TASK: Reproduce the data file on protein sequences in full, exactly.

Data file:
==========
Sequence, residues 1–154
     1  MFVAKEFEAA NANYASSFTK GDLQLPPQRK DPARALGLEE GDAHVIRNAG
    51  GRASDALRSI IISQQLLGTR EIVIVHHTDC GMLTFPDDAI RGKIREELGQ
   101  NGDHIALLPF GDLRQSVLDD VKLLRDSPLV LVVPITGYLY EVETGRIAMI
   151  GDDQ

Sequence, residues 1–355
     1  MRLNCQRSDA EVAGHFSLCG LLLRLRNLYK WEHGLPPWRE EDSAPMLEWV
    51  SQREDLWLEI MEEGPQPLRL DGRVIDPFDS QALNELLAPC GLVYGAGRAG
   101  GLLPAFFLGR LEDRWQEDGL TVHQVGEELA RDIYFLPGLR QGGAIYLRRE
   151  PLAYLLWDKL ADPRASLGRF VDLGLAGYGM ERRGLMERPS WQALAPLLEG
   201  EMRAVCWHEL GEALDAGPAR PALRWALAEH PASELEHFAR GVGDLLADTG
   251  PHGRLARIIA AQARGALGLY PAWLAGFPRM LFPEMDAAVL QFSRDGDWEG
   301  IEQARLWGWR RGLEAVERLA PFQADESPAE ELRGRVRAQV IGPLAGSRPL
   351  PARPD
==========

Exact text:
Sequence, residues 1–154
     1  MFVAKEFEAA NANYASSFTK GDLQLPPQRK DPARALGLEE GDAHVIRNAG
    51  GRASDALRSI IISQQLLGTR EIVIVHHTDC GMLTFPDDAI RGKIREELGQ
   101  NGDHIALLPF GDLRQSVLDD VKLLRDSPLV LVVPITGYLY EVETGRIAMI
   151  GDDQ

Sequence, residues 1–355
     1  MRLNCQRSDA EVAGHFSLCG LLLRLRNLYK WEHGLPPWRE EDSAPMLEWV
    51  SQREDLWLEI MEEGPQPLRL DGRVIDPFDS QALNELLAPC GLVYGAGRAG
   101  GLLPAFFLGR LEDRWQEDGL TVHQVGEELA RDIYFLPGLR QGGAIYLRRE
   151  PLAYLLWDKL ADPRASLGRF VDLGLAGYGM ERRGLMERPS WQALAPLLEG
   201  EMRAVCWHEL GEALDAGPAR PALRWALAEH PASELEHFAR GVGDLLADTG
   251  PHGRLARIIA AQARGALGLY PAWLAGFPRM LFPEMDAAVL QFSRDGDWEG
   301  IEQARLWGWR RGLEAVERLA PFQADESPAE ELRGRVRAQV IGPLAGSRPL
   351  PARPD